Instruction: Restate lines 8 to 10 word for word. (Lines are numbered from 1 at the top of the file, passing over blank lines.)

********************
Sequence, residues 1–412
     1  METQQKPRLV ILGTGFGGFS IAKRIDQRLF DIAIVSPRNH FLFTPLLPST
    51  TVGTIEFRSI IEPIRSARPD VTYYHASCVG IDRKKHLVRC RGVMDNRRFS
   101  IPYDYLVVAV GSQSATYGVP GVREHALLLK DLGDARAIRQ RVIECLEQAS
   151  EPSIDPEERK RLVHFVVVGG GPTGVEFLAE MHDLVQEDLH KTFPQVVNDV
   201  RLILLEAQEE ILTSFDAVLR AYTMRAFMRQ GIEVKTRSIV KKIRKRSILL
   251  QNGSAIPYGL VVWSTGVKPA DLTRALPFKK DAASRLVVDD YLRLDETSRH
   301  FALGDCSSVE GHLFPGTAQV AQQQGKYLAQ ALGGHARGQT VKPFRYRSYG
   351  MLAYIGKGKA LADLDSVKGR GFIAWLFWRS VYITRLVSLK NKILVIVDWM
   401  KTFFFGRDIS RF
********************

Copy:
   301  FALGDCSSVE GHLFPGTAQV AQQQGKYLAQ ALGGHARGQT VKPFRYRSYG
   351  MLAYIGKGKA LADLDSVKGR GFIAWLFWRS VYITRLVSLK NKILVIVDWM
   401  KTFFFGRDIS RF